Letter sent to the Chairman of the Island & Executive Council from Mr.Dave Levenstone of DP in Saba

Dear Mr. Chairman and Lt. Governor,

Making use of my rights as the leader of a legally established political party on Saba and within the Netherlands Antilles without any representation in the Island Council or the Parliament of the Netherlands Antilles, and in accordance with the Federal Ordinance on Openness of Government P.B. 1996 (transparency) I would hereby like to request the following information (documentation) which does not go against the national security of the Netherlands Antilles or the Island Territory of Saba.


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I am forwarding this correspondence to you based on the fact that you are responsible for the portfolio of Personnel and Organizational Affairs within the Executive Council of the Island Territory of Saba.

In the month of November 2008 civil servants in the employment of the Island Territory of Saba realized that on their salary slip there was an amount of money that they should have received as a form of retroactive payment on their periodical allowances (periodiek verhoging) which should have been regulated ever since 2002 when it was agreed upon by the Central Government for this money to be reinstated.

In the month of January the Executive Council came with some excuse regarding why the money was not paid out, and to date the Executive Council cannot gave a clear cut answer to the many inquiries regarding this back pay that civil servants are entitled to by law. Civil servants have been told that the whole issue is in the hands of the CFT and the Dutch Government. You will realize and understand that the CFT neither the Dutch Government employs the civil servants on Saba, and it is the Executive Council of Saba that is responsible for this money to be paid out.

Civil servants have been told that the money to pay out this is included in the old debts that the Island Territory submitted to the Dutch Government for payment. We have taken note that the Island Territory of Bonaire recently received word from the Dutch Government that some of their old bills will be paid off by the Netherlands, and that there are several bills that they will not pay and there are discussions presently on-going between the Executive Council of the Island Territory of Bonaire and the Netherlands regarding the old bills that still needs to be paid off.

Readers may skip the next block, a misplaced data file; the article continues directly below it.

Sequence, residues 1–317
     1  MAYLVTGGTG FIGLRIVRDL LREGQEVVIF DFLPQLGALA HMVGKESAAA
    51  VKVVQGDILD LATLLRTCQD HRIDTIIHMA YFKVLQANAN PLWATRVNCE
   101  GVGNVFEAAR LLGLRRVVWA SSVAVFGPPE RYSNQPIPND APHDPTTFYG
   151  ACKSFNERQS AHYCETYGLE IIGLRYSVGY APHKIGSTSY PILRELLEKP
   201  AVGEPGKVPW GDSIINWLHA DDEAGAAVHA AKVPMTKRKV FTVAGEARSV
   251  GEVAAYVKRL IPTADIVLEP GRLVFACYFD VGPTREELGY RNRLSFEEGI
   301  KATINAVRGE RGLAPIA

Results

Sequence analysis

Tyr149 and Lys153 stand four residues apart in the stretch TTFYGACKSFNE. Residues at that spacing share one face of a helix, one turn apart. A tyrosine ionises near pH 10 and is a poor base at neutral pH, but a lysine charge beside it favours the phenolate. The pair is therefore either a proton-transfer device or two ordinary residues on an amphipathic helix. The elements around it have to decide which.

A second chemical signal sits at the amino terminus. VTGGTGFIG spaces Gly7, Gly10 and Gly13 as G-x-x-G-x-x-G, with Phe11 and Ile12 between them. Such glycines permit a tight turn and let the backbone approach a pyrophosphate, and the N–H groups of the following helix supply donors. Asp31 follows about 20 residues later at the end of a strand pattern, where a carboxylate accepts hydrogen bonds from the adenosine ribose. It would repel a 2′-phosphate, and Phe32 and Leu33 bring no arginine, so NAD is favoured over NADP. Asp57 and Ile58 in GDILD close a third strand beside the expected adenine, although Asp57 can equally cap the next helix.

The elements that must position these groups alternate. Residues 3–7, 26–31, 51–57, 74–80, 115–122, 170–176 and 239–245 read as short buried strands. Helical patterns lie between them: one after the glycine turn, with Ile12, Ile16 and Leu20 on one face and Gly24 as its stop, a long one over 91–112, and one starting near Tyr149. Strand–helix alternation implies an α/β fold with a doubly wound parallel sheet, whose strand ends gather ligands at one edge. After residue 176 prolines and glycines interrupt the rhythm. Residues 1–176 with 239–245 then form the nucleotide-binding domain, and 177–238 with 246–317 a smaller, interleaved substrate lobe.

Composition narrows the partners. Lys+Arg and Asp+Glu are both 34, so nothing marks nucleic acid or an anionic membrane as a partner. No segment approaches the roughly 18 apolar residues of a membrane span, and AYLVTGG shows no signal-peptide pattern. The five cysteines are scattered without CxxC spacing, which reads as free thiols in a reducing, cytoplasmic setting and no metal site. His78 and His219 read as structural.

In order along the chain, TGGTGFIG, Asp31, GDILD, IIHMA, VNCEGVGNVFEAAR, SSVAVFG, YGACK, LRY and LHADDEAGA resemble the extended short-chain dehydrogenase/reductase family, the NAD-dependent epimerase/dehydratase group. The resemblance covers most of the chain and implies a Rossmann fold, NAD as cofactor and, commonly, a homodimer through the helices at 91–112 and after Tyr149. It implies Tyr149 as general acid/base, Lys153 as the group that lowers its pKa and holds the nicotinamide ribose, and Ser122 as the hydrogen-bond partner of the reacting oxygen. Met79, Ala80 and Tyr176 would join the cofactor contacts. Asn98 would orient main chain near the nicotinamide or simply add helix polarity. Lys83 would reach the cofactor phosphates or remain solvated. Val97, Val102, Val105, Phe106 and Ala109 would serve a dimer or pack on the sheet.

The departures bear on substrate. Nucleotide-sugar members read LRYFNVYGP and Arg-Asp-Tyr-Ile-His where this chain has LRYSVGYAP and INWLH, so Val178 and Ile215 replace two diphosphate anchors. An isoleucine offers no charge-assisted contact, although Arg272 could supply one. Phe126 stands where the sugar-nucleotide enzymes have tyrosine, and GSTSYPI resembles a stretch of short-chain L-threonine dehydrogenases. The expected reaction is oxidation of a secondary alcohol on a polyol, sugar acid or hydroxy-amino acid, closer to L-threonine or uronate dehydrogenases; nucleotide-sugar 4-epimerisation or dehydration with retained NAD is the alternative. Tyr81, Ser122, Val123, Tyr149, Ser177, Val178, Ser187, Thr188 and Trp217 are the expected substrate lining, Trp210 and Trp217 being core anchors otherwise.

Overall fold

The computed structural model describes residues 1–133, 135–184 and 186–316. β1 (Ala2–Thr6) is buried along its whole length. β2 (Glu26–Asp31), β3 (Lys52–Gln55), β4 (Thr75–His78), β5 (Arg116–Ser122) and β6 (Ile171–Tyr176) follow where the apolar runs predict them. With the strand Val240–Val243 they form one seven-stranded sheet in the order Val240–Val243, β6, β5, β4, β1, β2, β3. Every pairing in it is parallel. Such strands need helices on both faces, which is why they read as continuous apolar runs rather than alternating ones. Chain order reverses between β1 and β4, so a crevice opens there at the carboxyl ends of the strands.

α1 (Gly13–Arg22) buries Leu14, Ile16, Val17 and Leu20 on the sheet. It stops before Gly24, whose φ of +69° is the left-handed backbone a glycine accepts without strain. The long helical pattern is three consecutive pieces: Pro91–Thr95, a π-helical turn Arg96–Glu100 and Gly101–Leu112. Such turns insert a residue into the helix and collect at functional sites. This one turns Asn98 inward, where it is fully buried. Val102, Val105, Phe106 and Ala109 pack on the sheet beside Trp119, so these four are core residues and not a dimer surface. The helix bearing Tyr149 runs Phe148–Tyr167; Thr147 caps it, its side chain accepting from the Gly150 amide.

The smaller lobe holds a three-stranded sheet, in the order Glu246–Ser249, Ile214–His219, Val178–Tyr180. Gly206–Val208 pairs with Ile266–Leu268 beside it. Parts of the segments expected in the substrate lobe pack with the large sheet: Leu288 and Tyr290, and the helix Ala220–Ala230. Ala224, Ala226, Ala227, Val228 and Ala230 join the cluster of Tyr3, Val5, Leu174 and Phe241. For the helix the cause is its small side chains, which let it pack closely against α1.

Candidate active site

The Commissioner of Finance of the Island Territory of Saba much earlier this year, stated publicly that the Island Territory of Saba did not have any outstanding bills and I can recall him publicly saying on the radio program "Changes" that the Island Territory of Saba had paid up its outstanding bills to N.V. G.EBE and Satel N.V. and that most creditors were being paid up.

According to my sources the Islands of the Netherlands Antilles, including the Island Territory of Saba, were in arrears with the APNA, SVB and other creditors and in the agreements between the Central Government and Holland these bills were being taken care of and would be paid off as part of the debt restructuring. So the question is then who does the Island Government of Saba owe different from those major creditors such as the SVB and APNA?

My question based on all of the above to you would be when can civil servants on Saba expect some clarity in regards to what government owes to them as back pay, and what serious attempts has been made by the Executive Council to try and speed up the process with the Dutch Government to clear up these outstanding bills that forms part of the monies to pay the civil servants.

Civil servants has had to read in the public papers The Daily Herald and the Government Information Bulletin that the year reports etc. needed to be completed etc. and according to our information the annual reports has been prepared by the external accountants, but to date they have not been brought on the floor of the Island Council for ratification.

We realize that the Executive Council of Saba is traveling up and down as if they do not owe the civil servants, and civil servants are expected to function in a professional manner on a daily basis. There are many questions that can be raised as to why government has not found it fitting to at least start trying to pay the civil servants something on a monthly basis until this whole matter can be solved amicably.

The manner in which the Executive Council is treating civil servants can be considered as if civil servants do not count and Government will do as they please where it concerns this back pay. Patients are running out, and many civil servants are strongly considering taking this matter to the Courts of the Netherlands Antilles which would not be in the general interest of the Executive Council.

As portfolio holder of personnel affairs I would like to urge you as the upholder of proper and good governance to seek clarity on this matter before it has to take on another route. Politicians at times tell people what they think people like to hear, but in your capacity as Lt. Governor you are above the party politics.

You would realize that civil servants also have commitments and with the meager salaries that they have to live from on an expensive island they need some clarity on this money. Government has not done anything to try and help the situation on the island where it concerns the high cost of everything. Instead Government has cooperated fully to help increase everything on the island and continue to subsidize private enterprise.

Sincerely yours and I look forward based on the Openness in Government Ordinance to receive a response from you as stipulated in the ordinance.



Dave Levenstone,

Political leader.

c.c: Governor General of the Netherlands Antilles.

Prime Minister of the Netherlands Antilles.

Queen’s Commissioner Mr. Henk Kamp.

Parliament of the Netherlands Antilles.